- 1872: 48 miles completed from Milwaukee to Sheboygan, Wisconsin by the Milwaukee, Lake Shore & Western Railroad
- 1874: 32 miles completed from Sheboygan to Two Rivers, Wisconsin by the Milwaukee, Lake Shore & Western Railroad
- 1875: Name change to Milwaukee, Lake Shore & Western Railway
- 1893: MLS&W purchased by Chicago & North Western Railway
- 1906: 36 miles completed between Manitowoc and Green Bay, Wisconsin by the Manitowoc, Green Bay & Northwestern Railway
- 1907: 4 mile Sheboygan Cutoff completed by Chicago & North Western Railway
- 1909: Chicago & North Western Railway fully absorbs the MGB&NW
- 1929: Wiscona Cutoff completed to allow for abandonment of tracks through Whitefish Bay
- 1988: Sheboygan/Manitowoc County Line-Green Bay section sold to the Fox Valley & Western Railway
- 1993: FV&W purchased by Wisconsin Central, Ltd
- 1995: Chicago & North Western purchased by Union Pacific Railroad
- 1996: Denmark-Rockwood segment abandoned and acquired for future trail use
- 2001: Canadian National Railway acquires Wisconsin Central, Ltd
- 2003: Line through Fond du Lac abandoned
- Ca. 2005: Martin Avenue to Pennsylvania Avenue trackage abandoned in Sheboygan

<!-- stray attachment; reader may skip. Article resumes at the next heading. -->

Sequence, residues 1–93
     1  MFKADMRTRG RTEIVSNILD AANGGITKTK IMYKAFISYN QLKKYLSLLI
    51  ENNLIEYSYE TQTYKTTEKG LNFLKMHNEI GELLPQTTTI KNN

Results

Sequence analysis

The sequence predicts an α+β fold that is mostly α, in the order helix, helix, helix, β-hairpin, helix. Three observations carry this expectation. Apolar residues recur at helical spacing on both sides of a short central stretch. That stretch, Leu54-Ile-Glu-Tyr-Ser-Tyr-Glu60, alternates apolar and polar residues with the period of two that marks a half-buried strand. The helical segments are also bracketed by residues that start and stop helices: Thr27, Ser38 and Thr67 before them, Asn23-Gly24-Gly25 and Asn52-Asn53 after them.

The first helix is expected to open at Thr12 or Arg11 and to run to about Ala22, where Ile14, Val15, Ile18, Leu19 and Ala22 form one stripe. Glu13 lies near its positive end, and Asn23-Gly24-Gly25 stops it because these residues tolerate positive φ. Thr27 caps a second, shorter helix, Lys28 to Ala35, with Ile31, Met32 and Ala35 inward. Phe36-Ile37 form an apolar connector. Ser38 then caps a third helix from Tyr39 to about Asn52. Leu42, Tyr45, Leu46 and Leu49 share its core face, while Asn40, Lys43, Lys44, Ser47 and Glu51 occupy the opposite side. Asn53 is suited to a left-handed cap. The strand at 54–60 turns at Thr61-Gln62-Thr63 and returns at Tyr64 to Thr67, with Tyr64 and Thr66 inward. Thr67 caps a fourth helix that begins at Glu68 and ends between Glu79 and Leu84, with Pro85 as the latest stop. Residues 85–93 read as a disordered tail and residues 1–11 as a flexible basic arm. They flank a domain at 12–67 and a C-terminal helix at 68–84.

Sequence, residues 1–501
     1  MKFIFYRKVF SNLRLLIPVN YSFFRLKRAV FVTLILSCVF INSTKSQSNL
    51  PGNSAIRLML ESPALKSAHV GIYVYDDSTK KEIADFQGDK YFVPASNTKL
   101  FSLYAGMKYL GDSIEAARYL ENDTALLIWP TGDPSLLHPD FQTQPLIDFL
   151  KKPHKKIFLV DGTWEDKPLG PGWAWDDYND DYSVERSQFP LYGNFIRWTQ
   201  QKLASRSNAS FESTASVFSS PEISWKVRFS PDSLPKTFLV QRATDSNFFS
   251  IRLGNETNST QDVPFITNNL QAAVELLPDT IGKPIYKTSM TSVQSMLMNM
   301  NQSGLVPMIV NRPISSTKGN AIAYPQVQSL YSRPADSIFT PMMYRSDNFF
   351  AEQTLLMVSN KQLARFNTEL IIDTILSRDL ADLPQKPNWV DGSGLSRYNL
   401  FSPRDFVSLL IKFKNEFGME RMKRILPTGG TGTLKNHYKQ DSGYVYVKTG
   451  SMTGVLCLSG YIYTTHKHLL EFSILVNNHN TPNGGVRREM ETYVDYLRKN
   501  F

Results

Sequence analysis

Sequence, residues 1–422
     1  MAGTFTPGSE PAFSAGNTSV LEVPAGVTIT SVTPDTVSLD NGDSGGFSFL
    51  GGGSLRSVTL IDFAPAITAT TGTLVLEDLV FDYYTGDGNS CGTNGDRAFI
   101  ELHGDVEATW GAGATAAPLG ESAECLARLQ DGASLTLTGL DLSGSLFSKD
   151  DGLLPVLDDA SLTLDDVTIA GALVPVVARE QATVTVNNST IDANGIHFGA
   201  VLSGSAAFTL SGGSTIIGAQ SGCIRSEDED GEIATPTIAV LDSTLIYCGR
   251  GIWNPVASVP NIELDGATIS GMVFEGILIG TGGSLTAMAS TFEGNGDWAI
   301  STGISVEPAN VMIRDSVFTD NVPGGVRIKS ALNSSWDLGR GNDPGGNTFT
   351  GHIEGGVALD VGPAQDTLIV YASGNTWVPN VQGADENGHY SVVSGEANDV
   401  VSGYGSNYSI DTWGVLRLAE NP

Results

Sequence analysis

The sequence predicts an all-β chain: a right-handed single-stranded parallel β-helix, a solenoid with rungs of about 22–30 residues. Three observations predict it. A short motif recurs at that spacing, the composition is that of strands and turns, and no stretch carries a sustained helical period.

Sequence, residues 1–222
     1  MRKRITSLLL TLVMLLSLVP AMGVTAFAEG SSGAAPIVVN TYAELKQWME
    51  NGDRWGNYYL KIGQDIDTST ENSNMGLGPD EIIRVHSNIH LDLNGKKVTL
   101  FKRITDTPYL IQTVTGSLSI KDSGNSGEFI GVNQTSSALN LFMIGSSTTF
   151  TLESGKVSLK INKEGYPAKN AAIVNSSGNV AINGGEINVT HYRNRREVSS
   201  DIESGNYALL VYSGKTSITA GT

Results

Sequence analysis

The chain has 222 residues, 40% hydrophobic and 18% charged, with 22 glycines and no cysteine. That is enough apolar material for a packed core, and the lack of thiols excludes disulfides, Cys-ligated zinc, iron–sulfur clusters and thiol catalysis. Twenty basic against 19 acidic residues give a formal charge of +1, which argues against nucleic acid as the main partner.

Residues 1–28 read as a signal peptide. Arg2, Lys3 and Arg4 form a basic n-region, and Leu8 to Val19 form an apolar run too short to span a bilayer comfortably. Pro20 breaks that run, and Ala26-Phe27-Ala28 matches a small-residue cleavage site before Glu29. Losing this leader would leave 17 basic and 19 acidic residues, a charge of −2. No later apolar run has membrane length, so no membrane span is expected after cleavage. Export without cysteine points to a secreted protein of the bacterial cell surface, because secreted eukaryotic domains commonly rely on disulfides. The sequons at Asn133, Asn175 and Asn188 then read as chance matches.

- 2013: Devils River State Trail completed between Denmark and Rockwood
- 2013: Trail completed from Martin Avenue to Pennsylvania Avenue in Sheboygan
- 2021: Fox Valley & Lake Superior Railroad purchases the Green Bay-Denmark segment
- 1995-Present: Union Pacific operates the Wiscona-Sheboygan/Manitowoc County Line segment as the Shoreline Subdivision
- 2001-Present: Canadian National operates the Sheboygan/Manitowoc County Line-Rockwood segment as the Manitowoc Subdivision, although it is currently out of service
- 2022-Present: Fox Valley & Lake Superior Railroad operates the line between Appleton and New London
This large scale deck girder bridge is the highlight of the Devil's River State Trail. It crosses the Devil's River nearly 100 feet above the water.
The bridge is of simple design. It consists of seven deck girder spans, which rest on high steel bents. It was built in 1913 to replace an earlier wooden trestle type bridge.
During the time period, the Chicago & North Western was doing a considerable amount of work rebuilding this line to meet standards of typical mainlines.
In addition, the bridge rests on concrete substructures and footings.
Overall, the structure appears to be in very good condition. It has been ranked by the author as being moderately significant, due to the landmark status in the area; and the great historic integrity.
The photo above is an overview looking north.